A paycheck at the end of the week is something all employees look forward to, but what can players and referees—who will have all eyes on them on the world’s biggest stage—expect to see on their checks? Well, one might be surprised.
Referees can make up to $50,000 for the month-long tournament, but only about ten official are expected to make this amount. In reality, the figure is relatively smaller (in 2006, most were paid $35,000) for each referee based on experience and fitness as well as which games they are in charge of officiating.
When it comes to players however, the variation is more significant, dependent on the type of player and what team he plays for.
However, each team is guaranteed $8 million dollars just for making it to Brazil -- a number decided by FIFA, and the same amount that teams received for making it to the World Cup in South Africa in 2010.
So what is the average salary for everyone else?
It was reported that the U.S. players would each be looking at getting at least $76,000. The Aussies are each set to make $150,000 total when you take into account the match fees and prize money for being in the competition, regardless of results. Cameroonian players didn’t seem to be satisfied with the amount they were being paid, delaying their flight to Brazil and forcing their federation to take out a loan that increased their salaries by $12,000.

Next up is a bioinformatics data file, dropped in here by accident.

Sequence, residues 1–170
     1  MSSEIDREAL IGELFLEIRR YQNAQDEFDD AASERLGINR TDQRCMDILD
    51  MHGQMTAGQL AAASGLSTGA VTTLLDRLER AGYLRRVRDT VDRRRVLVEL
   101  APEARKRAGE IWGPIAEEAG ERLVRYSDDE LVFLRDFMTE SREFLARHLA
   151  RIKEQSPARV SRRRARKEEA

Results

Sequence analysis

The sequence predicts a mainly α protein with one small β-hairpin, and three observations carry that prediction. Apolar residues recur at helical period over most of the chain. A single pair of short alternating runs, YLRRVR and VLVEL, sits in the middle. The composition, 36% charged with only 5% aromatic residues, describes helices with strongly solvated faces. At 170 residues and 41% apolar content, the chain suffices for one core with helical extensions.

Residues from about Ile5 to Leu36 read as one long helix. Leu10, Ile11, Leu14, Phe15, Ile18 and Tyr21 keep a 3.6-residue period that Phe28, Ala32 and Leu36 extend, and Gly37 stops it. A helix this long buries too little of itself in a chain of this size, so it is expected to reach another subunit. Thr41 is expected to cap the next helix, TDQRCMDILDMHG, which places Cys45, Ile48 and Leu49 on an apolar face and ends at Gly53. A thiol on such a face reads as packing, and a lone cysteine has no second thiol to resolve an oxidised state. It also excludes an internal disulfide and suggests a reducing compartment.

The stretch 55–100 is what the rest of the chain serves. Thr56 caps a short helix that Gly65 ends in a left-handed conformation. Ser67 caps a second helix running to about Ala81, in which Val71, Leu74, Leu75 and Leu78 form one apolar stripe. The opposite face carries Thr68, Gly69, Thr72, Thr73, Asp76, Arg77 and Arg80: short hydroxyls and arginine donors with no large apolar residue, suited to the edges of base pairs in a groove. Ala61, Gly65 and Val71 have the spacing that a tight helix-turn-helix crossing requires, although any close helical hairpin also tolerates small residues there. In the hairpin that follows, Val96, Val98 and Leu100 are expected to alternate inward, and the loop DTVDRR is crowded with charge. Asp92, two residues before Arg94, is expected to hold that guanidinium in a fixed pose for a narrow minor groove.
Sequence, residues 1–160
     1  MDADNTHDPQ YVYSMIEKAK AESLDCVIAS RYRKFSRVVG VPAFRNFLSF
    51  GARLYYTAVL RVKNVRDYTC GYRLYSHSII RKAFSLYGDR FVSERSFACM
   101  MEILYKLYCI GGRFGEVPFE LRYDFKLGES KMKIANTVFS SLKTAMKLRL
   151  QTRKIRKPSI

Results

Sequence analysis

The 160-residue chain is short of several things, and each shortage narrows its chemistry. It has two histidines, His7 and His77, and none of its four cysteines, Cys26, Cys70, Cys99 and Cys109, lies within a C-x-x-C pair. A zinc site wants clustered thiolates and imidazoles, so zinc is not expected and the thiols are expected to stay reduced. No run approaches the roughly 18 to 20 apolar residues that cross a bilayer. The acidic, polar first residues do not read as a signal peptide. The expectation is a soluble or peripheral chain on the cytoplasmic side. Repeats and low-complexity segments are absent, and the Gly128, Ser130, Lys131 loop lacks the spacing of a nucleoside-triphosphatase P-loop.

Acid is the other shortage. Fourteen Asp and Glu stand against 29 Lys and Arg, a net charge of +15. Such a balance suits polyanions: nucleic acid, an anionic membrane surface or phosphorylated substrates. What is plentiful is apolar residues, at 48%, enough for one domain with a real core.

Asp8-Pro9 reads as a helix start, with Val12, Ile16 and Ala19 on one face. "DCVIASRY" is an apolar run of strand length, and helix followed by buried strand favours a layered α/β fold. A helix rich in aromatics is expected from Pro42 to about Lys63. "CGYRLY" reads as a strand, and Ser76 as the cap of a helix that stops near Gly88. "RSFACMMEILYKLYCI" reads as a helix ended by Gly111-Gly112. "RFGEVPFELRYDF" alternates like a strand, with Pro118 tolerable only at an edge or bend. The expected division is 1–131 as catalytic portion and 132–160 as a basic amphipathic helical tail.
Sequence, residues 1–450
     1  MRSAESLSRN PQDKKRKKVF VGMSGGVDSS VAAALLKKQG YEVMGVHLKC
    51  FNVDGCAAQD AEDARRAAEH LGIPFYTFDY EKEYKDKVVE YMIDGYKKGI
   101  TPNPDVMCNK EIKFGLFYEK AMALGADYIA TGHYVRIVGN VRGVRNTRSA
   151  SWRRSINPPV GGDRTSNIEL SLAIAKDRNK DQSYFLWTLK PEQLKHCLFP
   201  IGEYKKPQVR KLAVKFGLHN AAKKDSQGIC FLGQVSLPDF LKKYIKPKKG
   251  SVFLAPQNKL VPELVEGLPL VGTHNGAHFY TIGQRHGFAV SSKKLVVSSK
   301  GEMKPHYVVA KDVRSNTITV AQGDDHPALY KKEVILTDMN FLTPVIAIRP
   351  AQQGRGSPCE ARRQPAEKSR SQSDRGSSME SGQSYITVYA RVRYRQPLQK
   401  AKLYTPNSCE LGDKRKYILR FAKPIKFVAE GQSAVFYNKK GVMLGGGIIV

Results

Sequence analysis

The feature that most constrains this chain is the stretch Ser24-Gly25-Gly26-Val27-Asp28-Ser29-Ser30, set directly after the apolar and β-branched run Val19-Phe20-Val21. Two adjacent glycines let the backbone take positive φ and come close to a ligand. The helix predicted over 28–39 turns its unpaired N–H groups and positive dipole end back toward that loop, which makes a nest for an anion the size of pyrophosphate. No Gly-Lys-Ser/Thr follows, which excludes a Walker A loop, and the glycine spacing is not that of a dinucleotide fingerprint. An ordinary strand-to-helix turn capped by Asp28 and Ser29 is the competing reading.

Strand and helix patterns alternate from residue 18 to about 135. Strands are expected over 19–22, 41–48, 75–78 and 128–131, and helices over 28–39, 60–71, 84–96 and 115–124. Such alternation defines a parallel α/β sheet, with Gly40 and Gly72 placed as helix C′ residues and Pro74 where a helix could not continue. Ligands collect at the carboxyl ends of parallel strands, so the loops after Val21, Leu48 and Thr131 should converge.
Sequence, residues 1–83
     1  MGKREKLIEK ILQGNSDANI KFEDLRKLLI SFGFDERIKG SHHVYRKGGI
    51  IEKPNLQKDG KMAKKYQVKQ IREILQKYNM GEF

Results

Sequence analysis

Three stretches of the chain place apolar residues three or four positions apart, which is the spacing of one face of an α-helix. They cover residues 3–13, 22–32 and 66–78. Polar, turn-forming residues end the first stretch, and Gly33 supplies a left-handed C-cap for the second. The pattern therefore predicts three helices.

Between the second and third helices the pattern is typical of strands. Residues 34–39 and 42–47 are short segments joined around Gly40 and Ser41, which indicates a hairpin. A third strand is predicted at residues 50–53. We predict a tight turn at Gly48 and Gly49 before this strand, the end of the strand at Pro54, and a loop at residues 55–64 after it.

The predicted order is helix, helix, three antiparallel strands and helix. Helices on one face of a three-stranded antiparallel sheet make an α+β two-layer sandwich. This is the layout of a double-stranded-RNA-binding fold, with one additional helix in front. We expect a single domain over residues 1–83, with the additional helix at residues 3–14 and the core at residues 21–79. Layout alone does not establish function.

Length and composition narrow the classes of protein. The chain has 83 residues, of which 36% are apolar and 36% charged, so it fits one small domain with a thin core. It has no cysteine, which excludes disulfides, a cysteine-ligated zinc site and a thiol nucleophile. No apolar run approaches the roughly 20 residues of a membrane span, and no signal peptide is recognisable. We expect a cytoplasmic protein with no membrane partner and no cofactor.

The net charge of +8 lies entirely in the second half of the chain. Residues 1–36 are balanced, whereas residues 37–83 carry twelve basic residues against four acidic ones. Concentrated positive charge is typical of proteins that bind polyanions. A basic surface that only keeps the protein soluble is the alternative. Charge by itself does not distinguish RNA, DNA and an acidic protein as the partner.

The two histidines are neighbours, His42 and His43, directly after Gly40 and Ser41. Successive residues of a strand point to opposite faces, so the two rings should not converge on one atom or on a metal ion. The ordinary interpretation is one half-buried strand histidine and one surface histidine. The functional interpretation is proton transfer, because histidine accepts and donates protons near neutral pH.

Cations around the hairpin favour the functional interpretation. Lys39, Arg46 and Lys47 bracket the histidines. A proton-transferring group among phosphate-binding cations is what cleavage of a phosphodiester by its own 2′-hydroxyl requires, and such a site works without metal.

Of course, each team’s salary choice is their decision considering FIFA allows individual salary caps for each nation. The same goes for the amount that each nation will pay its players for the amount of matches they play, whether or not they advance to the next round or if they actually win the tournament (the English Federation is set to pay their players almost $700,000 if they lift up the cup).
The bottom line: it depends.
Needless to say, there won’t be a single player or official involved in the tournament who will be going home empty-handed (you know… money-wise).
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